In my thoughts and prayers right now are our Brothers David, Jonathan and Nicholas and the 39 pilgrims who are with them in the Holy Land. On Monday they will be by the Sea of Galilee, which for me is one of the most beautiful places in the world. The Sea of Galilee has a particular power and spirit because it was there and in the surrounding region that Jesus first called his disciples to follow him. It is the cradle of Christian vocation.
“He saw Simon and Andrew casting a net into the sea, for they were fishermen. And Jesus said, ‘Follow me.’ Immediately they left their nets and followed him.”
He saw James and John who were in their boat mending the nets. He called them and the left their father Zebedee and followed him.
He called the rich young man and said, “Sell everything that you haveand follow me.”
He saw a tax collector called Levi and said to him, “Follow me.” And he got up, left everything, and followed him.
Some of these stories have a romance to them, but actually in every case Jesus’ call to follow him is extraordinarily radical and utterly demanding. He doesn’t say, you can carry on as you were, and sort of have a splendid life on the side. In every case he says, I want you to leave everything. Everything: your nets, your father, all your money and all the taxes you’ve gathered. Come empty and carry nothing and follow me.
No wonder some, like the rich young man, said no.
Even the disciples didn’t get it – or complained about it! In our Gospel today, Peter says to Jesus, “Look, we’ve left everything and followed you.” “Yes, Peter, you have – and I tell you, anyone who leaves everything – houses, brothers, sisters, mother, father, children, fields – for my sake and the Gospel, will receive a hundred-fold now, and in the end, eternal life.”
This uncompromising command to leave everything and indeed the longing to leave everything to follow Jesus inspired so many of the first monastics: St Anthony and the desert fathers in the 4thcentury, who left all their property and wealth behind, and headed out into the western desert.
And in the early Celtic Christian tradition, such men as Patrick and Columba embraced what was known as “white martyrdom.” They left their homelands to travel to a foreign land, leaving everything behind, to follow Jesus. As a contemporary writer put it, “They sailed into the white sky of morning, into the unknown, never to return.”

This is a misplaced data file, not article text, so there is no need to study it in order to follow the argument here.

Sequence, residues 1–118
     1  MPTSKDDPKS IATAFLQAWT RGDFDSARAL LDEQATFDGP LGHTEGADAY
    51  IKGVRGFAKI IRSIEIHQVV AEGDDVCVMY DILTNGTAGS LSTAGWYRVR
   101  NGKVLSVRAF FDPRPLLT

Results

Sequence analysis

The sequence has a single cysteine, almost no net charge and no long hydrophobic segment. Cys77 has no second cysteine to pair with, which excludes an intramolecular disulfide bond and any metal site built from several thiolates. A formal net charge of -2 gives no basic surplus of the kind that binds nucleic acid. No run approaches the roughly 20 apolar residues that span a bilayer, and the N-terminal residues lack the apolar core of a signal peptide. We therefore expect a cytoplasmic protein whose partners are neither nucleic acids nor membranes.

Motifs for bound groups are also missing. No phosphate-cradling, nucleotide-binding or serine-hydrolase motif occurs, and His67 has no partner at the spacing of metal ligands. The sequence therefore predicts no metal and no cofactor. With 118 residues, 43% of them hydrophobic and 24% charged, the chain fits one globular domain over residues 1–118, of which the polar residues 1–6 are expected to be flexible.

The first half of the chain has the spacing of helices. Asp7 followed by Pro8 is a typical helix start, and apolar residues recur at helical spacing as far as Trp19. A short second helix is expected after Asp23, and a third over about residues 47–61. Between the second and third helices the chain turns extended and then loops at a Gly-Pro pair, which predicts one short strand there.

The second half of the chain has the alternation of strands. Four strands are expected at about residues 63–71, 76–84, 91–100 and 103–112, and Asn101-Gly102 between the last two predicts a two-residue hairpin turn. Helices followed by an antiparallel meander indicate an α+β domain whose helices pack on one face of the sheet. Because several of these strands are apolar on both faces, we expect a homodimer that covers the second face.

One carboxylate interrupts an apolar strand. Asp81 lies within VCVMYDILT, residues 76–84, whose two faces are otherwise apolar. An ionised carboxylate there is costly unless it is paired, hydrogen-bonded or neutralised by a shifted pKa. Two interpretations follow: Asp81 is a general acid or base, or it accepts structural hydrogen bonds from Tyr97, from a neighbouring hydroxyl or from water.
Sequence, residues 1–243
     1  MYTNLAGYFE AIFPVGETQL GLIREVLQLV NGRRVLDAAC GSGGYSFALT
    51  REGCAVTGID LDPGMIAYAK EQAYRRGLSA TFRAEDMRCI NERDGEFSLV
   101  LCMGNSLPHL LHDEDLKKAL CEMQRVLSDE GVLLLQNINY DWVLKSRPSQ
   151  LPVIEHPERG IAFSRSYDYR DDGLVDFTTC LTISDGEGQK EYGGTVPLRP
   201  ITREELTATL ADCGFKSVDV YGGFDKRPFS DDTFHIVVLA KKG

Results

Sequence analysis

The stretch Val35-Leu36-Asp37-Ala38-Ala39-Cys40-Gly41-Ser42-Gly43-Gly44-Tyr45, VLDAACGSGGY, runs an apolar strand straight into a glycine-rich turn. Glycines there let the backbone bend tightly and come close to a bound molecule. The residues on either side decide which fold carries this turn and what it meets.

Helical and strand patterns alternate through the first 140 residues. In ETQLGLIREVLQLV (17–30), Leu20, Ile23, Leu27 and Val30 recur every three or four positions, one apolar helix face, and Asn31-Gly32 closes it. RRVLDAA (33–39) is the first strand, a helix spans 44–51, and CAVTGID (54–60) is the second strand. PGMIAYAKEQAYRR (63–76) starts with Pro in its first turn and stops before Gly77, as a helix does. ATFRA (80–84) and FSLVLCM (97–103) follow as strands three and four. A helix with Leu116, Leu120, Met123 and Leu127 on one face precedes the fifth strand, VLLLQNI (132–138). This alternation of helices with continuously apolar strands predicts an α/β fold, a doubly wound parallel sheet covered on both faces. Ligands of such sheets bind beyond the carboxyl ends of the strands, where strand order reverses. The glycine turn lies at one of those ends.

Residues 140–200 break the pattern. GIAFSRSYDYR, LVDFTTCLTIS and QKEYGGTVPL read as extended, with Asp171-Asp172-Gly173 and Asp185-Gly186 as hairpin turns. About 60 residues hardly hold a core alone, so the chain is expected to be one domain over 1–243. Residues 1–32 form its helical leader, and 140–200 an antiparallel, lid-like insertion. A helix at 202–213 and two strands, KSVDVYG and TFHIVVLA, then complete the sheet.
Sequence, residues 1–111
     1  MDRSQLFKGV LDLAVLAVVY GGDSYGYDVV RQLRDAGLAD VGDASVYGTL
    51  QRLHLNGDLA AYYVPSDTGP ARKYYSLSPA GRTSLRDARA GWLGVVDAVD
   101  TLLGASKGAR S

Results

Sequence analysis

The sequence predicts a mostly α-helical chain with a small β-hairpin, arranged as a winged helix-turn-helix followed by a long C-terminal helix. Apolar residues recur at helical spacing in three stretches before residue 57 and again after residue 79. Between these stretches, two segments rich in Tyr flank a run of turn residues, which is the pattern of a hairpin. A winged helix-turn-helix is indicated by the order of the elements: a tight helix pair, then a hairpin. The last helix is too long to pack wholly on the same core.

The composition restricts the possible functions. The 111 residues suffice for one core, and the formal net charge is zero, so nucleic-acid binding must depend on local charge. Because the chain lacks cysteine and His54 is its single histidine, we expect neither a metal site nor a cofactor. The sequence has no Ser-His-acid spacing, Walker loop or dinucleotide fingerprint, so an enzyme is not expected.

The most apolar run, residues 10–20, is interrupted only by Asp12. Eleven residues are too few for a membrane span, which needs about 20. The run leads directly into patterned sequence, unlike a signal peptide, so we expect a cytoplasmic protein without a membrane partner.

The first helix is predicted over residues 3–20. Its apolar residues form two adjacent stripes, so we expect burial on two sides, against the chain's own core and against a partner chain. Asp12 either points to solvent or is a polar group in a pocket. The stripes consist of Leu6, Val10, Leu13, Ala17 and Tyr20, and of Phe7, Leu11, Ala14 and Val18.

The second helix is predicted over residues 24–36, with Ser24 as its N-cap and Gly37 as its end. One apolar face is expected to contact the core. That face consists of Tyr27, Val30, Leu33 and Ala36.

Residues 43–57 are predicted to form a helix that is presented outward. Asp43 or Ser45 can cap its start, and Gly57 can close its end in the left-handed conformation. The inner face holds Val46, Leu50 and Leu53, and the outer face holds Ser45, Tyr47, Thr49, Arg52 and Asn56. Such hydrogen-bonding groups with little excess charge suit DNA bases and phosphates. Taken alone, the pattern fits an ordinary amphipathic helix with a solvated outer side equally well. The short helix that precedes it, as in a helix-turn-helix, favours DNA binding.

Well, most of the rest of us are not called to such extreme acts of renunciation for the sake of following Jesus. And yet, those words in the Gospel are surely being addressed to each one of us. “Leave everything and follow me, and you will receive eternal life.” What can that mean for us?
I believe it contains a deep truth, that unless we let go of the familiar, the safe, the secure; unless we take the risk of becoming vulnerable, we cannot grow. So much of the literature of the world is about this very theme. From the story of Abraham in Genesis, when God says to Abraham, “Leave your country and your kindred and your father’s house, and go on a journey to a foreign land” to the great epic stories of the Odyssey, the Iliad, the Lord of the Rings. They all require leaving everything and going on a journey that will lead to a new life, a new identity.
For most people today, that experience happens to them when they marry. The Bible, in Genesis, in Matthew, in Ephesians, all say the same. “For this reason a man shall leave his father and his mother, and be joined to his wife, and they shall become one flesh.” For a marriage to be successful there has to be a real leaving behind by the couple, and there has to be a real letting go by their parents. In marriage, there is a new creation. Each person’s identity is changed. There can be no new life without the leaving behind of the old.
But whatever one’s state of life is – whether married, or a monk, or living alone – Jesus’ words to Peter, to Andrew, to James and John, to the rich young man and to Levi, to leave everything and follow him, are for us. This is not a one off, but a daily demand. Jesus asks us every day to say, “I leave everything to follow you.” I think that this means that Jesus calls us every day to new beginnings, to new life. And in many ways, the sin against the Holy Spirit is really the sin against new life.
Every day we are called to embrace the new life, and that is to let go, to leave behind what has become too comfortable. To let go of our habits, our compulsions. It is each morning awakening to a new day and saying to God, “Where do you want to lead me today on the journey of life? What are you asking me to leave behind? How are you asking me to change?” We resist change, but it’s how we grow.
“To live is to change,” wrote Cardinal Newman, “and to be perfect is to have changed often.” Although we so often resist it, there is something about beginning, or beginning again, which stirs our hearts. If fear stops us from making the journey, we risk becoming like the pot-bound plant. The roots have nowhere to go but round and round the pot, eventually strangling and choking the plant.
So today, perhaps hear these words of Jesus addressed to you. “Come, leave everything behind and follow me.” How will you respond? If the invitation seems daunting, or too much, remember that it comes with a promise: “Leave all behind and you will receive a hundredfold in this age, and in the age to come, eternal life.”
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